2) “If you knew who it is that said to you, ‘Give me a drink...'" Jesus. On that particular day, sweat dripping down His face, hungry, thirsty, wishing He had a fresh tunic on-hand. Today, while you’re reading these words, sitting next to His Father in the Throneroom, the answer to our hunger and thirst, the Light and Life of Heaven, always alive – alive on your behalf. Brothers and Sisters, do you know Jesus better than you did a week ago? Have you come to know Him in new ways since the New Year began? You always can. And you always must.
3) “I think you would have asked him” – Engulfed by the glories of what He offers and who He is, can you hear the prodding tone of this simple statement? Since Jesus offers all, and is Himself all that is Life, will we not ask for all of Him that’s available to us?
4) “And he would have given you living water” – “would have given you”! As it relates to the asking-for and receiving-of Jesus’ living water, when should we not only have asked for, but received it? Yesterday! So ready is He to fill us with His Holy Spirit and with His very life that its availability can only be explained like it should’ve been yours already. Wow!
"I will ask you one simple question: did you receive the Spirit of God by trying to keep the Law or by believing the message of the Gospel? Surely you can’t be so foolish as to think that a man begins his spiritual life in the Spirit and then completes it by reverting to outward observances? Has all your painful experience brought you nowhere? I simply cannot believe it of you! Does God, who gives you his Spirit and works miracles among you, do these things because you have obeyed the Law or because you have believed the Gospel? Ask yourselves that." Galatians 3:2-5
In his famous Pensées, Blaise Pascal describes the reasoning for Nicodemus’ initial interest in Jesus in this way: “He does not judge the miracles by the teaching, but the teaching by the miracles.” (Pensée 808)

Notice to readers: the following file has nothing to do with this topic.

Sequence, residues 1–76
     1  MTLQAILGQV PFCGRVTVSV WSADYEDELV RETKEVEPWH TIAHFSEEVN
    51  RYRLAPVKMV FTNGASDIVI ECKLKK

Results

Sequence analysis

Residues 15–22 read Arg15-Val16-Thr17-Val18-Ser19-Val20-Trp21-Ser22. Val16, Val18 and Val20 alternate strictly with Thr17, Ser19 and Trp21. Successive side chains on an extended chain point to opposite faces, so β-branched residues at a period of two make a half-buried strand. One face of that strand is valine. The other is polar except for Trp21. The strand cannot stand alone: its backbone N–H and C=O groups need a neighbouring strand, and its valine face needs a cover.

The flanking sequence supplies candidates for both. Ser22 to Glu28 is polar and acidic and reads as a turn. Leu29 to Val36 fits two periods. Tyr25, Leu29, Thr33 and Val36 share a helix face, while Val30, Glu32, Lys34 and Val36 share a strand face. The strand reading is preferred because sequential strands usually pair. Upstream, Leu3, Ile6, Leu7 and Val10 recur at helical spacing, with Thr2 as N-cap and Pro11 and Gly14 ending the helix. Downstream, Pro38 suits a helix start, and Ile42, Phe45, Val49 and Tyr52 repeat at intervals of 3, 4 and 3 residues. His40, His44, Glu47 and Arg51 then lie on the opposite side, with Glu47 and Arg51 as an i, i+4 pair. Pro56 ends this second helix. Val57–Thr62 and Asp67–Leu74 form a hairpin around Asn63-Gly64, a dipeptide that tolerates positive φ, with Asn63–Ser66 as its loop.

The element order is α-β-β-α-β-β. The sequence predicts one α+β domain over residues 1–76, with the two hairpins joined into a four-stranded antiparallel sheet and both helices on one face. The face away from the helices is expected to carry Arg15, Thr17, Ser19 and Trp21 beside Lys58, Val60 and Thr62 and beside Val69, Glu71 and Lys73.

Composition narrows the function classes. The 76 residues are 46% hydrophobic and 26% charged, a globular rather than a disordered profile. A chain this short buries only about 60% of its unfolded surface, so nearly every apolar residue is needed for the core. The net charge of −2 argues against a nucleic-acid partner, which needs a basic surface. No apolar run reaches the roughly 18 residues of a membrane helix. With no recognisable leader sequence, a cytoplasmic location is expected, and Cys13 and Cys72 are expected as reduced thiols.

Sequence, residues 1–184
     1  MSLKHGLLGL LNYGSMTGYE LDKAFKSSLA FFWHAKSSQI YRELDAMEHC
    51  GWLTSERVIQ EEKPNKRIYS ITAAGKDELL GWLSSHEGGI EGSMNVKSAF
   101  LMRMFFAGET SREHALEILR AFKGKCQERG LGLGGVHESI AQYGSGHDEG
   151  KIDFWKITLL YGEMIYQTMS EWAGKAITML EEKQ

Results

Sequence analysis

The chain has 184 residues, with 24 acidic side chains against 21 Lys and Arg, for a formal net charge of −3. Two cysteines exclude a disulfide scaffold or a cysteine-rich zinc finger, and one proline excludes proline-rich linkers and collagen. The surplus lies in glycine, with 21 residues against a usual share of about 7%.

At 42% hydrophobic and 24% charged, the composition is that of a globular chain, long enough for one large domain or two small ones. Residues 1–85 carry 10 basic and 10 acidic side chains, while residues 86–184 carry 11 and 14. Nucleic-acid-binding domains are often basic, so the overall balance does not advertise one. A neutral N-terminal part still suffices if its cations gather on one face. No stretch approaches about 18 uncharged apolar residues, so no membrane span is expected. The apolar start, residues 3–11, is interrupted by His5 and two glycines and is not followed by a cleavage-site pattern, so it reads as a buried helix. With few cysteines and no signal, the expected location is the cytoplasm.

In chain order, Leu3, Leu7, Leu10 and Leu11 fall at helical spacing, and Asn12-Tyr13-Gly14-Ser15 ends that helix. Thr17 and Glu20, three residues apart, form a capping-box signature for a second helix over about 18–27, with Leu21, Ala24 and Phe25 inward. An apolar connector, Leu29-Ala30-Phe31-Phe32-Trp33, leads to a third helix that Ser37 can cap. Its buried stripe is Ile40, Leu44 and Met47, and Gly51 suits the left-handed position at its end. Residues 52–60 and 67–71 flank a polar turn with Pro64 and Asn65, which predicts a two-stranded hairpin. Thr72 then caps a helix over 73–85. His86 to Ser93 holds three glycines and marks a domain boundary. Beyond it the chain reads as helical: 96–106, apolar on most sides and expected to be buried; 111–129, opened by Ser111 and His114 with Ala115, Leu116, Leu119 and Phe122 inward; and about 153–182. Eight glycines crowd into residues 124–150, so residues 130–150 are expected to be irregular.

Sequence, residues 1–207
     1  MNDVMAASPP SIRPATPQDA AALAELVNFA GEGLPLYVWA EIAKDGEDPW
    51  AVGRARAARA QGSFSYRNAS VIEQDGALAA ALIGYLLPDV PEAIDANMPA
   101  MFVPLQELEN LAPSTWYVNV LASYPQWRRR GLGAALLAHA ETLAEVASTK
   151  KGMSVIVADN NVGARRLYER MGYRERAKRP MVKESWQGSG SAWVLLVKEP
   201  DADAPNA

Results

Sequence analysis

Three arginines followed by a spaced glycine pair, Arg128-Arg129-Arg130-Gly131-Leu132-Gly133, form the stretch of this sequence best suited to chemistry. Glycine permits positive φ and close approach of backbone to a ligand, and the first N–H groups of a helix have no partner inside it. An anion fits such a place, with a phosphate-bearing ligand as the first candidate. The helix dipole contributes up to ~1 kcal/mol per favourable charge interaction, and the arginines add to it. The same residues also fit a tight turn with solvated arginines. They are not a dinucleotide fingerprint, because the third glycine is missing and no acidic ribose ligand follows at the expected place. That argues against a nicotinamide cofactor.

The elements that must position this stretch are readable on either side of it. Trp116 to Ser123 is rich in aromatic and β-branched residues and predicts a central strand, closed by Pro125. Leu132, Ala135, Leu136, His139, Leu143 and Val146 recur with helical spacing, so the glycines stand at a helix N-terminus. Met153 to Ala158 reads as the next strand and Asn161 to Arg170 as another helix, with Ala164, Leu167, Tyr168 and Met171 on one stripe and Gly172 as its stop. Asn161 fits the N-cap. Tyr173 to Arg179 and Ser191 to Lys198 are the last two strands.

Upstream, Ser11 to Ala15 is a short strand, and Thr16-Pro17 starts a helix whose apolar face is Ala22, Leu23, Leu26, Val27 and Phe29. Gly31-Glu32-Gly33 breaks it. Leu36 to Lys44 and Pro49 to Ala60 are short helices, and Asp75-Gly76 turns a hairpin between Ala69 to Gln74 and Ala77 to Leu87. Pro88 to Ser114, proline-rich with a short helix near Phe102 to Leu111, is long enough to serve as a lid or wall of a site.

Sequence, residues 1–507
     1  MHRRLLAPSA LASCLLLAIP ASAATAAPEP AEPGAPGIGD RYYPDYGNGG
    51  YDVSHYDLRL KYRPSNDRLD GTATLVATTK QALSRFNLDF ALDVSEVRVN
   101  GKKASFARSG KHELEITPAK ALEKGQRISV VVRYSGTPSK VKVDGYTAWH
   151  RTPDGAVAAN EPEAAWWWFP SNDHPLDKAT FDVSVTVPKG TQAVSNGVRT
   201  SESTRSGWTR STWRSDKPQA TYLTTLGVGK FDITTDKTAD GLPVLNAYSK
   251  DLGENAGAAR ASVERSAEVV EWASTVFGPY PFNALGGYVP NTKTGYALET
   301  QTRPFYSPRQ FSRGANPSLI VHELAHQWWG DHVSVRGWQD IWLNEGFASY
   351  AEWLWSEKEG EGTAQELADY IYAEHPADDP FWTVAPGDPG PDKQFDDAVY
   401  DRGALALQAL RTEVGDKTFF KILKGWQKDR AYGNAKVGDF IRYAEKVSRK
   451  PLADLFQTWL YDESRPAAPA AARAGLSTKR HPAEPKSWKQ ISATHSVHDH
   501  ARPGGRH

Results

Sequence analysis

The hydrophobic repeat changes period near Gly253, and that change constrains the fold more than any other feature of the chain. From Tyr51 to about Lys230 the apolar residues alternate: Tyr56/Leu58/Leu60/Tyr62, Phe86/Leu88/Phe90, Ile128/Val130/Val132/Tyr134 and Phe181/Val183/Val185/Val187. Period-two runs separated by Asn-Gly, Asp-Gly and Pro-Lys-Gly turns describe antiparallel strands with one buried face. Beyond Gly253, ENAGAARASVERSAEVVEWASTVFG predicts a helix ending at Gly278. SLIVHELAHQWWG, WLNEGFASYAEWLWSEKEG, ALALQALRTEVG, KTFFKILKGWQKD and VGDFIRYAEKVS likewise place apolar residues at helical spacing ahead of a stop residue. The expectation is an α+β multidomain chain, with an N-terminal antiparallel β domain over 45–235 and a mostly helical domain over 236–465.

Before we ourselves can even begin to deal with Paul’s questions to the Galatians, we need to examine the Spirit’s work and the miracles abounding in our own lives. For if you’re to be the only touchpoint someone has with Jesus and His Gospel, what are your days actually looking like? Consider just 24 hours with Jesus from Matthew 9 as a “model day”: He sailed the Sea of Galilee, healed a paralytic, invited Matthew to become a disciple, went to Matthew’s houseparty, met with John the Baptist’s skeptical disciples, healed a bleeding woman, raised Jairus’ daughter back to life and then, to top it off, gave two blind men sight.
The One who lived that day is living in your chest today! And He's asking you to consider a whole new "normal" with Him!
In 2 Samuel 7, after God makes eternal-dynasty promises to King David, David is overwhelmed with the many goodnesses of the Lord to him. In awe, "he went in and sat before the Lord," and began to pray one of the most beautiful prayers of gratitude, joy and commitment you'll ever read anywhere.
As we look to a brand new year which will be full of promises and blessings, I want you to read David's prayer... but with the wordings slightly shifted to reflect our New Covenant realities in Jesus. These words are who you are, and what you've received:
"Who am I, O Lord Jesus, and what is my life, that you have brought me this far? And as if this were not enough in your sight, O Lord Jesus, you have also spoken about the eternal life of your servant. Is this your usual way of dealing with man, O Sovereign Lord?
"What more can I say to you? For you know your servant, O Lord Jesus. For the sake of your word and according to your will, you have done this great thing and made it known to your servant.
"How great you are, O Lord Jesus! There is no one like you, and there is no God but you, as we have come to know within our own hearts. And who is like your Body, the Church - the one people on earth that you went out to redeem as people for yourself, and to make a name for yourself, and to perform great and awesome wonders by driving out sin and Satan from before your people, whom you redeemed from death? You have established your people, your Body, as your very own forever, and you, O Lord, have become their God.